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    Obviously, I guess I should have phrased it differently and focused on my real question of how to introduce them to guns. A dog's hearing is vastly more acute than ours, so asking if it would harm their hearing is a pretty dumb question. Thanks for the training insights--very helpful, especially the pudding, or giving them sweets while the gun fires (conditioning).
     
  12. bushwacker

    bushwacker Member

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    Panhandle, I've had good success by using a .22 starting pistol. I started them on retreiving dummys, then introduced the sound of the gun shot when I threw out the dummy.
    The dogs never missed a beat. After getting them used to the sound of the .22, I went on to a 20 ga., then on to a 12 ga. Though I think a 20 makes about as much noise as a 12.

    My hunting partner had a bad experience with his new lab last year when went quail shooting. My two dogs and his lab were working an orchard when we began getting into birds. After a few shots, we realized the the lab had disappeared. It was near a highway and we were afraid he had paniced and ran out to the road. After considerable searching, and a ruined orchard hunt, we found the dog under the truck.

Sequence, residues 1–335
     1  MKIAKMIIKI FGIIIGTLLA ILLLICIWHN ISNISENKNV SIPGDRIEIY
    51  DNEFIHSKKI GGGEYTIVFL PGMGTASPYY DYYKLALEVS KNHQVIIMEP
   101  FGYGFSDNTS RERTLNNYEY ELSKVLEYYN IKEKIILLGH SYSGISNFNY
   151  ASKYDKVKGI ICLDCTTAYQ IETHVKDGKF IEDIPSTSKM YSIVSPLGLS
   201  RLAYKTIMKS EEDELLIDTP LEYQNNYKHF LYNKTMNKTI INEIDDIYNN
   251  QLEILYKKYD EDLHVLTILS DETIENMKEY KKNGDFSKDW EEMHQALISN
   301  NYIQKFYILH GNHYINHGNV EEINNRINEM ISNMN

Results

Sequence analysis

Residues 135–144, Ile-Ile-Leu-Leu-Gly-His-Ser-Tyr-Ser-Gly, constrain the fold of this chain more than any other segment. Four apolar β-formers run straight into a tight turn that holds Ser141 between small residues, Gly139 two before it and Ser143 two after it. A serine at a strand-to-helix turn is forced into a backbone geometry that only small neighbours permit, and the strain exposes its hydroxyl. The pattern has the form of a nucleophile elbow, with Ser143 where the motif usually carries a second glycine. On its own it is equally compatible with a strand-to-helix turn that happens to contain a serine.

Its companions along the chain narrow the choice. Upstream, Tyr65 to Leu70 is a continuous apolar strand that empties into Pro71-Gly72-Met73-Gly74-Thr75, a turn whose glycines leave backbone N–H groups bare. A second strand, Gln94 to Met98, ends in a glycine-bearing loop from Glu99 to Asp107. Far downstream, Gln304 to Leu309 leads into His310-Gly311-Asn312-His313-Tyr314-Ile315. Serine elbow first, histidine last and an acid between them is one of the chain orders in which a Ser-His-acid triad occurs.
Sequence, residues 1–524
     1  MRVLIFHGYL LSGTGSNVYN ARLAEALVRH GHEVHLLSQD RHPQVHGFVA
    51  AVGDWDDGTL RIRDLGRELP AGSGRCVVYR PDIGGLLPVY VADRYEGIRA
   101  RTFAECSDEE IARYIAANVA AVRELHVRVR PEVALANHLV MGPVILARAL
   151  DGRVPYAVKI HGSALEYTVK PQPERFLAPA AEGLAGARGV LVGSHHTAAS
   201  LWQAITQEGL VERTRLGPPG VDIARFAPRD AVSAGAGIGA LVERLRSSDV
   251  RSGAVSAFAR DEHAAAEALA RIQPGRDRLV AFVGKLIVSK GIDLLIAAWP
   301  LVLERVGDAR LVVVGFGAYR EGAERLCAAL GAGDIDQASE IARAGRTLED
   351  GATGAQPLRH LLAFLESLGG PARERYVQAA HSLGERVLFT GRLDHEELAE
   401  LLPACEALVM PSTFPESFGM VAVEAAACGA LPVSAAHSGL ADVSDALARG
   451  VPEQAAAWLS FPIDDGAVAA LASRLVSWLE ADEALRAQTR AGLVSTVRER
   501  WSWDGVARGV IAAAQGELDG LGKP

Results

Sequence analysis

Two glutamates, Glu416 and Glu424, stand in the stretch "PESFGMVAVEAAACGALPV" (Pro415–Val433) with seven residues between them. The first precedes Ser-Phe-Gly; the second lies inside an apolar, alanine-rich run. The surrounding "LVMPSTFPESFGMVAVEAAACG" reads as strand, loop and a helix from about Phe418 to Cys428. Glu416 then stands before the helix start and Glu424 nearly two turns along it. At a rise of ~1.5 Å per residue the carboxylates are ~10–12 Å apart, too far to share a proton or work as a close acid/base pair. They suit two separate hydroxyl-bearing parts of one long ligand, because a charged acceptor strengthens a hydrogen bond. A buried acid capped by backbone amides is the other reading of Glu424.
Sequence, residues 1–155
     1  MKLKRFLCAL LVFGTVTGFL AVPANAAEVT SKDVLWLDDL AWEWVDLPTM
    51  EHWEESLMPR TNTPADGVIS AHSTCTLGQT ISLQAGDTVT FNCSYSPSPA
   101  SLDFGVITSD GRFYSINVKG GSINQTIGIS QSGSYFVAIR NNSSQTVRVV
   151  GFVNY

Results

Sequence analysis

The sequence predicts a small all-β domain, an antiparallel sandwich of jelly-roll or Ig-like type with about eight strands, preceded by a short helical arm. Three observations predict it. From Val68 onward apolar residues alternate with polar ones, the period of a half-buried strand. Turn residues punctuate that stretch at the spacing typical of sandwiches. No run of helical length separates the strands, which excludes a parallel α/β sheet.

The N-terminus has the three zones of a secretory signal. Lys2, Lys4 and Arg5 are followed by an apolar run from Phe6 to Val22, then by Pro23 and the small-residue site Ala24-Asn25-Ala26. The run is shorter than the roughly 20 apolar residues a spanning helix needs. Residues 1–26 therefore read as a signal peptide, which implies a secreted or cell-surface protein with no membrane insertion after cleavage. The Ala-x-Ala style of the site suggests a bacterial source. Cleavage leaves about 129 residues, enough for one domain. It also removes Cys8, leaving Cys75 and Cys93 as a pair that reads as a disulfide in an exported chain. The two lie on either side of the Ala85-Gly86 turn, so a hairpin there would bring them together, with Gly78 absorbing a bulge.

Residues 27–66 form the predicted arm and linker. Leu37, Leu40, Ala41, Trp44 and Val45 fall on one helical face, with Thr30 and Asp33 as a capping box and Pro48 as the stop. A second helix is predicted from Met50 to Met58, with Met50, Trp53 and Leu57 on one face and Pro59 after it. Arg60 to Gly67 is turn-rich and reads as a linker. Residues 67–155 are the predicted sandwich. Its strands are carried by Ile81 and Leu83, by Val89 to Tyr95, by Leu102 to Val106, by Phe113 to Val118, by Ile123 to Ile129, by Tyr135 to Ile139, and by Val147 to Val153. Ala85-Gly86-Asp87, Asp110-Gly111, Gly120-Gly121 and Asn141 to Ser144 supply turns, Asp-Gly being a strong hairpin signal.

I recommend the purchase of a starting pistol as a good start in training a dog to gun shots.
    They are blanks and not much louder than a firecracker. You can use them in places where you wouldn't want to be firing off a live round.

    Good Luck
     
  13. Upton O

    Upton O Blind hog fisherman

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    One other point, slightly off subject, I want to make on the guns/dogs hearing: ported guns have much louder blast signature. Dogs that are used to gun fire from standard barrels can become gun shy hunting in front of a ported gun. I speak from experience. Now I never use a ported gun in the field now except on dove hunts when there aren't any dogs present.